(I’m typing this in the cafe at HyVee in Vermillion, South Dakota, taking a break from Vivian and Nora while the grandparent and great grandparents rest (Vivian and Nora are napping). We’ll be staying overnight and returning to Des Moines on Friday afternoon, so regular contact via e-mail won’t be restored until then. If you leave a comment and it ends up moderated, don’t look for it to appear until Friday evening. Many thanks for your patience)
Some Conservative supporters are eating a little crow today. It began over a week ago when the Liberal riding association in St. Catharines ran a tasteless joke about the assassination of Stephen Harper and his wife. It reads as follows:
Prime Minister Stephen Harper was visiting a primary school and he visited one of the classes. They were in the middle of a discussion related to words and their meanings.
The teacher asked the PM if he would like to lead the discussion on the word “tragedy”. So the illustrious leader asked the class for an example of a “tragedy”.
One little boy stood up and offered: “If my best friend, who lives on a farm, is playing in the field and a tractor runs over him and kills him, that would be a tragedy.
“No,” said Harper, “that would be an accident.”
A little girl raised her hand: “If a school bus carrying 50 children drove over a cliff, killing everyone inside, that would be a tragedy.”
“I’m afraid not,” explained Harper. “That’s what we would call great loss.”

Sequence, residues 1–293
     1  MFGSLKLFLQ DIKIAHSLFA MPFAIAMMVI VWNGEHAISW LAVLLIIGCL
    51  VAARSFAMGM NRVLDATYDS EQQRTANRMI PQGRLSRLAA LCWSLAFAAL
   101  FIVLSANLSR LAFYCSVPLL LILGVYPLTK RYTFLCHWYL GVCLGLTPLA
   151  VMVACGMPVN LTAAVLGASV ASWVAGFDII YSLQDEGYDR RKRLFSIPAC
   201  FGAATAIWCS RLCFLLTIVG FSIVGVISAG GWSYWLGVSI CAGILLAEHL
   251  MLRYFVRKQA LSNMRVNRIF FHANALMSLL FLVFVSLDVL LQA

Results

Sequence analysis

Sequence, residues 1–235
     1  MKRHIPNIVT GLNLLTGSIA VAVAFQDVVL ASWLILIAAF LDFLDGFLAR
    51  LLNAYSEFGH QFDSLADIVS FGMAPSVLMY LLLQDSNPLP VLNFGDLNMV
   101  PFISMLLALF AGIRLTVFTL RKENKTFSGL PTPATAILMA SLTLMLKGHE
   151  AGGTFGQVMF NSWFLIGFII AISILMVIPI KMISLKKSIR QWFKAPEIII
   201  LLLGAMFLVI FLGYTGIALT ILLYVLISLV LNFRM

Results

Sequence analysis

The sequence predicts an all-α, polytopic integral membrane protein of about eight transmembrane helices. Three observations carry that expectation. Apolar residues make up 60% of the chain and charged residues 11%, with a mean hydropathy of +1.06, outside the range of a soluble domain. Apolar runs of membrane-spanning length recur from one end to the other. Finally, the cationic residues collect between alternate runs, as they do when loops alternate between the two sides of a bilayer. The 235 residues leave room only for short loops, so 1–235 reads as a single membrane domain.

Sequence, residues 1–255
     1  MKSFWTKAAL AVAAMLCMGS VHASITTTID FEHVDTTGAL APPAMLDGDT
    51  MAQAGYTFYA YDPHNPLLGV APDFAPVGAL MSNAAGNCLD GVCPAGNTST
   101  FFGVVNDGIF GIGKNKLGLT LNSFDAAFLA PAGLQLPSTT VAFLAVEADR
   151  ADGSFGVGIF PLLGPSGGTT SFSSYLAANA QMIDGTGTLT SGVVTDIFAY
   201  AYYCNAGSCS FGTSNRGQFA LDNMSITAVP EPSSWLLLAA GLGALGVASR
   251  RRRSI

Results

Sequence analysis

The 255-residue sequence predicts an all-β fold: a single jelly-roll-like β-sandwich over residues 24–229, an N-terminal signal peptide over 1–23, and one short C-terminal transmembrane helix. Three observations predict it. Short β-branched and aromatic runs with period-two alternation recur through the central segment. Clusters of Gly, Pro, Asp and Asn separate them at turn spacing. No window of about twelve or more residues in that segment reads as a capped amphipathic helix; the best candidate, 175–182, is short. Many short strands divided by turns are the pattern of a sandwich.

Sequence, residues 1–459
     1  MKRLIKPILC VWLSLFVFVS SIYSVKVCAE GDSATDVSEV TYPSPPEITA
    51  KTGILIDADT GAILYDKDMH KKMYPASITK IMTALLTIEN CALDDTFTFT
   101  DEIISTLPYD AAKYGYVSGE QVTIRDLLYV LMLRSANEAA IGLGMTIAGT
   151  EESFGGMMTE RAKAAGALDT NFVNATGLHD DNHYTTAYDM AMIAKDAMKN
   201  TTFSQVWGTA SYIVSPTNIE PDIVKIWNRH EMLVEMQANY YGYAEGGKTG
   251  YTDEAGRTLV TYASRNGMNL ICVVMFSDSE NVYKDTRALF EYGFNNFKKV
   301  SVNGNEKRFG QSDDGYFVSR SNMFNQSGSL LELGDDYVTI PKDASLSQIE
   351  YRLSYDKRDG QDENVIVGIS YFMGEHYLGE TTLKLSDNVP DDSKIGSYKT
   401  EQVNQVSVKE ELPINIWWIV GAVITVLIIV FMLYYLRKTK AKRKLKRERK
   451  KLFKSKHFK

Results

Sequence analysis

The room went silent. No other children volunteered. Harper searched the room. “Isn’t there someone here who can give me an example of a tragedy?”
Finally at the back of the room, Little Johnny raised his hand… In a quiet voice he said: “If the plane carrying you and Mrs. Harper was struck by a “friendly fire” missile and blown to smithereens that would be a tragedy.”
“Fantastic!” exclaimed Harper. “That’s right. And can you tell me why that would be tragedy?”
“Well,” says the boy, “It has to be a tragedy, because it certainly wouldn’t be a great loss……. and it probably wouldn’t be an accident either.”
Oh! Cue the outrage. The Canadian blogosphere was full of these denouncements. Even Warren Kinsella got involved, suggesting that the RCMP should be notified. However, all of that outrage took something of a whack when, just this past couple of days, the Conservatives posted the following picture on their website:
(Hat tip Canadian Cynic)
Here, Warren Kinsella calls it right, saying “has everyone in federal politics gone insane?”
The silence on the Conservative side of the blogosphere is palpable. Some supporters have come forward and said basically, “yeah, the timing of that photo was dumb.” Most of these, I think, didn’t participate in the initial pile-on. But to those who did, who got all aflutter about a joke that any average joe could tell you wasn’t meant to be taken seriously, they need to explain themselves. Why aren’t they as angry over such a tasteless activity? Of course, the answer probably is, “it’s different because it’s my team!” But the real problem is the depth of their outrage over the initial infraction. If they’re sheepish now, then it strongly suggests that their outrage at the beginning was manufactured. And I have to say that I take a dim view of such dishonesty.
Was the original joke tasteless? Yes. But as Stageleft notes, it’s not uncommon. Tastelessness does not mean the end of the world, and I’m at a loss as to why the response was so over the top, unless it was a partisan response.
You may not have noticed my initial response to the Liberal joke because I did not have one, much more than rolling the eyes. Nothing kills comedy more than the refusal to react — shouts of anger are as much music to some comedians’ ears as gales of laughter. I gave the initial infraction the contempt it deserved. Nothing more. Nothing less. I only speak now because the hypocrisy that the second infraction illustrates is worthy of one comment, and it is simply this:
A pox on both your houses.